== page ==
Checkdams alone are of no help in Saurashtra
The contention that small dams and checkdams can solve the current acute water shortage in drought-prone Saurashtra and North Gujarat and the belief that the present drought could have been avoided only through checkdams ignores the ecoctimate and physiognomic patterns of Saurashtra.
MAJOR parts of Saurashtra come under the arid to semi-arid ecoclimate (except Gir forest) with irregular and scattered rains of up to 500 mm for a fortnight. Physiognomically, the entire area is like an inverted saucer with a basaltic rock formation up to 100 meters. The soil is mostly clayey loam and extends up to a depth of a meter depth or so. These patterns do not permit percolation of rain-water to the deeper soil zone and hence the water table cannot be recharged. (In North Gujarat, the soil is alluvial, sandy-silty loan and up to 100 meter and more, and therefore faster percolation and water table recharge is possible). Therefore the run-off of water is faster than the percolation.
Further, higher air temperature through the year evaporate about half the stored water. It is not just the number of small dams and checkdams that count but the fact that there should be enough rains at the sites of such dams. Aji Dam of Rajkot overflowed only twice in the last three decades. Thus, all the dams and checkdams in Saurashtra do not retain water to their full capacity.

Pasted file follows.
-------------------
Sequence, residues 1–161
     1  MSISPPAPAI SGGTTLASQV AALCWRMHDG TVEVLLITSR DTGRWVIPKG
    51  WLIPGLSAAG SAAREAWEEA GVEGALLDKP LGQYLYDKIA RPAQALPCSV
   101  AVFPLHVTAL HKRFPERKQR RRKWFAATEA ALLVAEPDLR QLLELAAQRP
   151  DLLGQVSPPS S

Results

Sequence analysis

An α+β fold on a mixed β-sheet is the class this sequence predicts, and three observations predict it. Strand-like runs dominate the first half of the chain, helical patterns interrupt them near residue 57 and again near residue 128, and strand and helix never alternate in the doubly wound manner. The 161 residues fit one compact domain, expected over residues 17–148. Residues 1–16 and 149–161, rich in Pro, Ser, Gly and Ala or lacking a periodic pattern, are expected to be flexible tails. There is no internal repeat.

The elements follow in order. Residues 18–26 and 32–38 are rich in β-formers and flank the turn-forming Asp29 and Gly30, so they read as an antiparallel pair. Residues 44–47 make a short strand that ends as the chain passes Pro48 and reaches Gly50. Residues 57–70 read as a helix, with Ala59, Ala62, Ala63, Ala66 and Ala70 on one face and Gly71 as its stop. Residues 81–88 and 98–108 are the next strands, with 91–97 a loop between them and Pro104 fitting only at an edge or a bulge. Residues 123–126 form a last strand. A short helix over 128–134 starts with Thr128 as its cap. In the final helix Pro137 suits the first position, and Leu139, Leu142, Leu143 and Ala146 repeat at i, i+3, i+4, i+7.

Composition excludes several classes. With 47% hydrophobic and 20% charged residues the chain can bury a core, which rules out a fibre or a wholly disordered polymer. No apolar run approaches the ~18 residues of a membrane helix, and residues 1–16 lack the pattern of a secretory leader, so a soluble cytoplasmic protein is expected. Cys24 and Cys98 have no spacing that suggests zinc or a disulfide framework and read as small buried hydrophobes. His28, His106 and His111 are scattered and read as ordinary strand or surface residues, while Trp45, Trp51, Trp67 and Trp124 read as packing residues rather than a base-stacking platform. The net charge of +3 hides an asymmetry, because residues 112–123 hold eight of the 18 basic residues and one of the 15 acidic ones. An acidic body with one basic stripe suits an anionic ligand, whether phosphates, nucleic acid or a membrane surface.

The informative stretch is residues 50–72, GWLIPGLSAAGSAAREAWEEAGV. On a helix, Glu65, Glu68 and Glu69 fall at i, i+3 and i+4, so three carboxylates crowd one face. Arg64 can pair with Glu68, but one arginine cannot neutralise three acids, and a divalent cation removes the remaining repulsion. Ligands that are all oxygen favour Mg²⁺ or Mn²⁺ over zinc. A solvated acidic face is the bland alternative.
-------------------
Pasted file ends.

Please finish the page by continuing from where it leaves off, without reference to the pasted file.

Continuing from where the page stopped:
Another significant climatic rhythm is the ten-year cyclic rainfall pattern: three years of average rainfall, four years of lean and three consecutive years of scanty rains resulting in severe drought in many parts of the Saurashtra. Over the years, silting has also decreased the water-storage capacity of the dams. Dragging of silt is not a common practice.
Checkdams are not totally ruled out, but they alone cannot solve Saurashtra's water shortage. We also need a series of checkdams in the coastal areas to prevent sea ingress which has been extended inland from five km to 25 km in recent years, owing to the over-use of ground water for irrigation in coastal areas.
Further, the human population and the cattle population has doubled and there has been a four-fold increase in industries in the region over the last 50 years. Improvements in agronomic technology, irrigation of crops - all these demand water and hence the need for water has escalated in the last decade.
Even if enough checkdams are made, they can solve the water problem only in the first year of three consecutive drought years, the remaining two years then would be severe as we have felt such situations during similar situations in 1972-73-74 and again in 1985-86-87. Years with good rainfall in the last decade made the politicians and decision-makers forget that a critical situation arose in 1999 due to poor rainfall.
There are many alternatives to meet the acute water shortage problem in Saurashtra. Looking to the discussed ecoclimatic and physiognonic conditions, making arrangements to bring water from outside Saurashtra through canals and pipelines from a perennial source of water like the Narmada, Mahi and Tapti, is ideal.